The Ministry of National Defence is related to the public health care sector, since it owns and runs 14 military hospitals (1912 beds), 10 of which have less than 100 beds. These hospitals, and their personnel, enjoy a special status, as they operate outside the ESY. The Ministry of National Defence has rejected the many attempts that have taken place since 1983 to integrate these hospitals into the ESY. Even the attempt to integrate these hospitals into the emergency department rotation days, until recently, had not been successful. However, the Ministry of National Defence has announced that the military hospitals will now provide services to civilians and will participate in the emergency rotation system.



The Ministry of National Education and Religious Affairs is responsible for undergraduate training of health care professionals and for awarding academic degrees such as Masters’ and PhD degrees. In association with the Ministry of Health and Social Solidarity, it defines the professional rights of health professionals. Finally, the Ministry owns two small teaching hospitals, which operate outside the ESY, under the authority of the National Kapodistrian University of Athens.



The Ministry of Development is the authority responsible for the pricing of medicinal products and has a predominant role in procurement procedures. The Ministry of Development, taking into consideration the requests of the DYPEs and the public hospitals, compiles an annual unified procurement programme and calls for tenders.



The Ministry of Finance and Economics prepares and controls the national budget and consequently decides on the amount of money allocated to the health care system. It is also responsible for the financing of the Civil Servants Health Insurance Fund (OPAD) and for covering any deficits in the health insurance funds.



The Ministry of Mercantile Marine, the Aegean and Island Policy is responsible for the Mariners’ Health Fund (OIKOS NAUTOU).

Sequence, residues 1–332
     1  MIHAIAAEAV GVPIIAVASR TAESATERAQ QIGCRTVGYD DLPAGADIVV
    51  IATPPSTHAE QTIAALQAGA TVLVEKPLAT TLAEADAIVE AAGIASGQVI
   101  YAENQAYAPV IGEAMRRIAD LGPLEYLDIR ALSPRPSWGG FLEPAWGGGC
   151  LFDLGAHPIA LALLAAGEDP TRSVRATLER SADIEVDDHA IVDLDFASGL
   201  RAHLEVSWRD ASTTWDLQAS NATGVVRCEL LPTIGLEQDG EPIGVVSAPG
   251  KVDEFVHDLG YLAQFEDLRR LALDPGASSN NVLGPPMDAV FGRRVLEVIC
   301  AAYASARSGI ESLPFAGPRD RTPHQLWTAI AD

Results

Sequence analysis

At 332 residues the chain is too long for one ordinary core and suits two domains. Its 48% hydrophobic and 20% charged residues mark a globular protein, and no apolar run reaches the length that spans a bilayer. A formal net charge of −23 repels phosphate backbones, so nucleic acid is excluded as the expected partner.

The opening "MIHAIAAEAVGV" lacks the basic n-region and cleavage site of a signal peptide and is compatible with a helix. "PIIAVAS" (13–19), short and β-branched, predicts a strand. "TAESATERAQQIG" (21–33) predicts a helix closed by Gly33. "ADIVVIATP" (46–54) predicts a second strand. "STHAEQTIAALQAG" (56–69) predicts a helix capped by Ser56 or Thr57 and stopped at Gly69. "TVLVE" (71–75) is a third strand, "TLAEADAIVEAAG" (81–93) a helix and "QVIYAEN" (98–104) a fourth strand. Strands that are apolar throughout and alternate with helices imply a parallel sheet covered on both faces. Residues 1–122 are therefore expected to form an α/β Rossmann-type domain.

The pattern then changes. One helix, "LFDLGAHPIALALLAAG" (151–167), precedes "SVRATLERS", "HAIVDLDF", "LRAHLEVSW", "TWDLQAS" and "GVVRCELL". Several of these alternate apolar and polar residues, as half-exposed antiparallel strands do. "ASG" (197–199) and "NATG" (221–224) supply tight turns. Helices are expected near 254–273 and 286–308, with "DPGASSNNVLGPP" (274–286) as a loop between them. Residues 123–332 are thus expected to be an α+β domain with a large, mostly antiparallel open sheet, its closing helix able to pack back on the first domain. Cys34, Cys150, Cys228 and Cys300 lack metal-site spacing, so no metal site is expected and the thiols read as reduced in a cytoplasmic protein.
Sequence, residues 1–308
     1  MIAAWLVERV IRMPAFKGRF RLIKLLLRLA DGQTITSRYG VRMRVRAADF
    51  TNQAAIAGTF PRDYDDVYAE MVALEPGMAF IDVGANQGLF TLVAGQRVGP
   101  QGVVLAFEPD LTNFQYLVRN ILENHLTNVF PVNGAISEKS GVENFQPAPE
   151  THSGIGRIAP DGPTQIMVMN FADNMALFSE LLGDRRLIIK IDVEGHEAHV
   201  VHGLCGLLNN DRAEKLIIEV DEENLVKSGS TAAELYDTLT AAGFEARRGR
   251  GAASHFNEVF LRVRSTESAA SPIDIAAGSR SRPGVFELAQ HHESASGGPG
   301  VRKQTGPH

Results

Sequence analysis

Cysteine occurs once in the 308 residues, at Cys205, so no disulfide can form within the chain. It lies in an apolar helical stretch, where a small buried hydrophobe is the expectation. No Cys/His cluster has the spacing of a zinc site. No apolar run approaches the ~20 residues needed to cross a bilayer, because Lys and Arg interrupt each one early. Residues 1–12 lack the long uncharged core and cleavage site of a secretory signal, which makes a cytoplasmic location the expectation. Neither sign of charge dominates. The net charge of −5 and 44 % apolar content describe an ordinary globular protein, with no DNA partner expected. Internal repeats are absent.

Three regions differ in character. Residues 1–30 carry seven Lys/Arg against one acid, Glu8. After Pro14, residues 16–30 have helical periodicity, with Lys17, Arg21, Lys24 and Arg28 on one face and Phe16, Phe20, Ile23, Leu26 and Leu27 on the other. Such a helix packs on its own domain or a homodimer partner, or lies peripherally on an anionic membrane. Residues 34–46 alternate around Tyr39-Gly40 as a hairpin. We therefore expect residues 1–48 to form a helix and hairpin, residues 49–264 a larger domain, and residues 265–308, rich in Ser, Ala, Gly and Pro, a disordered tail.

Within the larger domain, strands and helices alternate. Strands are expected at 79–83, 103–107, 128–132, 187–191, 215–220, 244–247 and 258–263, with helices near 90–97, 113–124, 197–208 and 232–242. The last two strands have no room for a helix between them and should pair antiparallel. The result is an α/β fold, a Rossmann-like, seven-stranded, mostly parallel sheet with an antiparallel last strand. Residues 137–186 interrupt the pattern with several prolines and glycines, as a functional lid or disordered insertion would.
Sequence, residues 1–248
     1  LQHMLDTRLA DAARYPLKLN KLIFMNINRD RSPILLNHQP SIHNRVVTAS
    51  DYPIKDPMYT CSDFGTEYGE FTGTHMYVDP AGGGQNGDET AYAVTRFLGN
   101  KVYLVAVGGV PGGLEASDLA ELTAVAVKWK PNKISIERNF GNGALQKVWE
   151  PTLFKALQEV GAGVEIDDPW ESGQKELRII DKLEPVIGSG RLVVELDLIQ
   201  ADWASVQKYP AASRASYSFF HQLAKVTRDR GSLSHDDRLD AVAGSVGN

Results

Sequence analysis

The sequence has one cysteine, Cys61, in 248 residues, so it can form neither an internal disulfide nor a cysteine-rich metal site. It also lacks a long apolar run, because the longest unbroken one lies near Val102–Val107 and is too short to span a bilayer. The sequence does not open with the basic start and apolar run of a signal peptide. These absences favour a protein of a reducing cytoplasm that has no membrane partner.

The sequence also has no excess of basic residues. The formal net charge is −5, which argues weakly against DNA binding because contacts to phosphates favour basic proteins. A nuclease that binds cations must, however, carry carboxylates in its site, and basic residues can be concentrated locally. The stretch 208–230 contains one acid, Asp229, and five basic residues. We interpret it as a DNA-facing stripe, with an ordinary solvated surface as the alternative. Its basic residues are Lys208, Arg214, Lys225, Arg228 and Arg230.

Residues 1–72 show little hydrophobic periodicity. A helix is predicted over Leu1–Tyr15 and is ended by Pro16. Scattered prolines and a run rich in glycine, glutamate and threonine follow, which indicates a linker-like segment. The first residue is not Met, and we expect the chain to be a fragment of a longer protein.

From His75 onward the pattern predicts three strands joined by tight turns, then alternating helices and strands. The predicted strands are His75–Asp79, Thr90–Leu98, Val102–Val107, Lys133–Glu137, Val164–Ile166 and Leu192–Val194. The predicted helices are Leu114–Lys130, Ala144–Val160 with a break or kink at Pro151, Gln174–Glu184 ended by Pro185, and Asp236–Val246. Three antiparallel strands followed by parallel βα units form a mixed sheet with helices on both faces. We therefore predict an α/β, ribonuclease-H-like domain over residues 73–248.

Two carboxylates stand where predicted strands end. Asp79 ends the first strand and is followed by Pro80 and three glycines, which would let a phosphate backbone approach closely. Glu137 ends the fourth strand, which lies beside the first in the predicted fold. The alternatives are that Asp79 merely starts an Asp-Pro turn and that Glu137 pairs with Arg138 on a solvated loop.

2.3.3 The role of social insurance funds It is obvious that the role of social insurance funds is very important, especially with regard to the coverage, financing and provision of health care services. However, their role and influence is not equally significant in the planning and regulation of the ESY, despite the fact that any development in the ESY has

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a direct impact on them. For example, an increase in ESY prices, especially for hospital care, overburdens the insurance funds’ budgets. On the other hand, any significant change in the social insurance field regarding coverage, contributions, provision and contracting has an impact on ESY financing. No statutory link exists between these two aspects and there is no active institutional body to coordinate actions on common issues and problems. Such a body – the Coordination Council for Unified Action in Health Services (SYSEDYPY) – was provided for in Law 2519/1997 to coordinate ESY and insurance fund policies. However, this body3 never became operational. Furthermore, despite the efforts exerted over the last 20 years for the gradual merging of all IKA polyclinics with the ESY and the creation of a single Unified Fund, the situation remains unchanged and the problems continue to exist. Approximately 30 social health insurance funds provide coverage to about 97% of the Greek population. IKA is the largest fund, covering 50% of the population, namely employees and workers in the private sector. The second largest fund is OGA, covering 20% of the population involved in agriculture. The Social Insurance Organization for Self-employed Professionals (OAEE) is the fund for merchants, manufacturers, owners of small businesses, and taxi and lorry owners and drivers (13% of the population). In addition, the OPAD covers public sector employees (12% of the population). Together, these four funds cover 95% of the country’s population (Ministry of Health and Welfare 2003). Funding is via employer and employee contributions. Social insurance funds provide their own health care benefits packages. The range of services provided by the funds expanded during the 1980s. Since 1982, OGA has covered pharmaceutical care; the availability of primary health care services has improved through the development of around 200 health centres in semi-urban and rural areas; and OAEE has expanded its benefits to cover primary health services. Since the early 1970s the number of funds has been reduced by almost half, with many small funds covering specific occupational groups merging with IKA, which provides a more comprehensive range of benefits. Nevertheless, there are still significant differences in the scope of insurance coverage. For instance, the benefits that OPAD provides to its beneficiaries exceed those of IKA, OAEE benefits are more limited than IKA’s benefits and OGA benefits rank last. Great differences also exist among insurance funds with regard to freedom of choice of primary care providers, including private providers and the right to direct access to specialists.

3

SYSEDYPY was to have representatives from the two responsible ministries (Ministry of Health, and Ministry of Labour and Social Affairs), KESY and three out of the four largest social insurance funds (IKA, OPAD and OGA).